The Pennsylvania Gaming Control Board says the state set an all-time high for gross revenue from slot machines in March.
To get excited about a loss may sound crazy, but September’s drop of .6 percent has analysts like Joe Weinert at the Spectrum Gaming Group feeling cautiously optimistic about Atlantic City’s casinos.
Online gambling within New Jersey is being offered up again as a method to save two industries and provide badly needed revenue to the state.
The final numbers are in for March, and Pennsylvania’s revenue collections remain on target for the fiscal year that ends June 30th.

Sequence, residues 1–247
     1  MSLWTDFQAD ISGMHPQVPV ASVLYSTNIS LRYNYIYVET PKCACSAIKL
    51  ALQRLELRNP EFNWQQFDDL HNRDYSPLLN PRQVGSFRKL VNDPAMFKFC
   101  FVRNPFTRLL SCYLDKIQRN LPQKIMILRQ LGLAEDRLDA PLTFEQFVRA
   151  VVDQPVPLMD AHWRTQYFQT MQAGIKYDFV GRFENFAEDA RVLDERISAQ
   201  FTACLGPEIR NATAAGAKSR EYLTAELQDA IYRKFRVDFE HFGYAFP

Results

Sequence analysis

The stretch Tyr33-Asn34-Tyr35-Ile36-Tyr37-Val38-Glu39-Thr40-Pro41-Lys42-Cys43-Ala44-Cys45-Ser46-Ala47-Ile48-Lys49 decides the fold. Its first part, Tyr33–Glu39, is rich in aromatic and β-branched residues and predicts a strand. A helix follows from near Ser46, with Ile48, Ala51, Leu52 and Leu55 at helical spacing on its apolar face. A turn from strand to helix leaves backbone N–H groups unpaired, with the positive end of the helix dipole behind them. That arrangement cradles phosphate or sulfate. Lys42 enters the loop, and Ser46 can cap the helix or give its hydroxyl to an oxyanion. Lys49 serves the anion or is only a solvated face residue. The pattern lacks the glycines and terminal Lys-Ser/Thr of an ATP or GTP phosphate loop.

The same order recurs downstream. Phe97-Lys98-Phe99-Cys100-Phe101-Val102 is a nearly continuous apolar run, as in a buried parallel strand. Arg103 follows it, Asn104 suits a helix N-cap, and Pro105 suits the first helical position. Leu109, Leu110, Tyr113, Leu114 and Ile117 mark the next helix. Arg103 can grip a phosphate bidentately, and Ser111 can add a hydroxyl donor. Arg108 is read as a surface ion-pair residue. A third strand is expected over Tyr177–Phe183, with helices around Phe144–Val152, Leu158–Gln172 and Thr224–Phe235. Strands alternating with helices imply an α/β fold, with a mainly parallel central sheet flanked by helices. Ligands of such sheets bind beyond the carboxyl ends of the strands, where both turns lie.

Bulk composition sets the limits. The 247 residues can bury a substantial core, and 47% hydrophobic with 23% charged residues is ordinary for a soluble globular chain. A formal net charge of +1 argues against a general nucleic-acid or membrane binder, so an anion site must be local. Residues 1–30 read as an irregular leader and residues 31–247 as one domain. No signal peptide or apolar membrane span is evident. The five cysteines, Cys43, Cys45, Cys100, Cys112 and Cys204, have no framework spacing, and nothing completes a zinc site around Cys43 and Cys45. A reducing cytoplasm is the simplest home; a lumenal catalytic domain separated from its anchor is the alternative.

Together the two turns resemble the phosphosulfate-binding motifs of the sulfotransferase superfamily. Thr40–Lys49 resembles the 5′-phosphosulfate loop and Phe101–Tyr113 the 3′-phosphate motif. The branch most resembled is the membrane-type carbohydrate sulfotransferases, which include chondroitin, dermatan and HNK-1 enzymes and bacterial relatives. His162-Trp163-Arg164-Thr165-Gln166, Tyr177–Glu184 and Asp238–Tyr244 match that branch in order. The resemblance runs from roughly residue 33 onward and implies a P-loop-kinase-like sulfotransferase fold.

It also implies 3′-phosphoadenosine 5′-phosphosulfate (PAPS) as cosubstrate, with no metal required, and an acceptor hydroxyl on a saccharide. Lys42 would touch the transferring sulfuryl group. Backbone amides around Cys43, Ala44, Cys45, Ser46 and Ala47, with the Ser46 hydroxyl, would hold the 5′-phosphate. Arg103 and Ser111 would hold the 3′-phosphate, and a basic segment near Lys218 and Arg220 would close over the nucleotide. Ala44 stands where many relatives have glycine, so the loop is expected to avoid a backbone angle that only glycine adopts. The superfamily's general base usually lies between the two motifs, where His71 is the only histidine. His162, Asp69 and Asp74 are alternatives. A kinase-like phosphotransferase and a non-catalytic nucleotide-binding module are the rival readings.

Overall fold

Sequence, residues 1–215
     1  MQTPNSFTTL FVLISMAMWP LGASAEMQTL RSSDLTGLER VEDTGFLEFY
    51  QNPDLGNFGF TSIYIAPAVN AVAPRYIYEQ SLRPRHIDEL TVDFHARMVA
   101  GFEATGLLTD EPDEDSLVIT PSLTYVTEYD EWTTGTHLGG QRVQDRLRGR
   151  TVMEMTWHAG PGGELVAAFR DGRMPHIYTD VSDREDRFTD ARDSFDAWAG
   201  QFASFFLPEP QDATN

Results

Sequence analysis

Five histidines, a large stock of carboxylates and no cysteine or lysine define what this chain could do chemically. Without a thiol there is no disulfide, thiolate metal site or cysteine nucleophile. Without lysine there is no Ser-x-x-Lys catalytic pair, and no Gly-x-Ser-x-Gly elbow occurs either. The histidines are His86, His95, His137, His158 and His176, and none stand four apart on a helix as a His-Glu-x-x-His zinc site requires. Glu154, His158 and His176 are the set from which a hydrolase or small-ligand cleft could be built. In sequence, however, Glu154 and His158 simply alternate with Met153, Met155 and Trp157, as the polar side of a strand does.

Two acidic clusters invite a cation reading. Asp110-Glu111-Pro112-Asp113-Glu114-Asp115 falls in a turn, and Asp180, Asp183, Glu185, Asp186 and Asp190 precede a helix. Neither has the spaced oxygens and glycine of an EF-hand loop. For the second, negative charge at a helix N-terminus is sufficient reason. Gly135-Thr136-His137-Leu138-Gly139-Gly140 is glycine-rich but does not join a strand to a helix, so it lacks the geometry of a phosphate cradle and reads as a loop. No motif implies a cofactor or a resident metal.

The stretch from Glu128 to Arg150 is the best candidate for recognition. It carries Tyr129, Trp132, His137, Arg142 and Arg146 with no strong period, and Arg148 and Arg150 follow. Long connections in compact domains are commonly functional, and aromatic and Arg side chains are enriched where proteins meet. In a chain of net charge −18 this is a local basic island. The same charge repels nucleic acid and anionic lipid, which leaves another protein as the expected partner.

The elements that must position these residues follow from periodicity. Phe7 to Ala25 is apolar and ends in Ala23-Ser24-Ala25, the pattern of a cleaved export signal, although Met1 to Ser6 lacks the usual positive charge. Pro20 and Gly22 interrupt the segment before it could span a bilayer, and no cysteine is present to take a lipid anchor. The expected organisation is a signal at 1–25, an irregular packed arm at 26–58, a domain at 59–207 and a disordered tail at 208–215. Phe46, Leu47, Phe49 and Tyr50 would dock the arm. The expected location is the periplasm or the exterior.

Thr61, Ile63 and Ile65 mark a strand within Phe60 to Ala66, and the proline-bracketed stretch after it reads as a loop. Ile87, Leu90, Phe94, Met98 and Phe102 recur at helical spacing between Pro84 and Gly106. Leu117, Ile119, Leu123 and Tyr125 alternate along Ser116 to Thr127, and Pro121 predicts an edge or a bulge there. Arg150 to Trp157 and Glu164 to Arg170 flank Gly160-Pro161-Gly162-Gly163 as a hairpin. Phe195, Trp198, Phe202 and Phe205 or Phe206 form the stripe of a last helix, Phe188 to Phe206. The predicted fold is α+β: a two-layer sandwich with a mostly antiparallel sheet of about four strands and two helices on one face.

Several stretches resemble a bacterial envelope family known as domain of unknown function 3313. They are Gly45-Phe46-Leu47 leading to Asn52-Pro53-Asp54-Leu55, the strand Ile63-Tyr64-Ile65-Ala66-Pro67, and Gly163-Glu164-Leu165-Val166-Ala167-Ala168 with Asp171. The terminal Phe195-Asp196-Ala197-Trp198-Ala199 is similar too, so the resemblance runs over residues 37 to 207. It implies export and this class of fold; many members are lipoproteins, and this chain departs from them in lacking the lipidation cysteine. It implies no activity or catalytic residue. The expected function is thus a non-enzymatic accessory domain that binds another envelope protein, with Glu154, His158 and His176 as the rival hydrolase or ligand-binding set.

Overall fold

In a time when many municipalities are facing layoffs, one south Jersey town is surviving thanks to money being generated from what was initially intended as a safety measure.
This time last year, Atlantic City’s 11 casinos had just completed their third straight rotten year, with revenue and market share plunging and no end in sight. A year later, the numbers are even worse.
Over 1,300 members large and small are seeing their own ledgers improving with 31% reporting higher revenues this year prompting higher profits, spending and hiring.
Atlantic City’s casinos took in 12.3 percent less from gamblers in October than they did a year ago.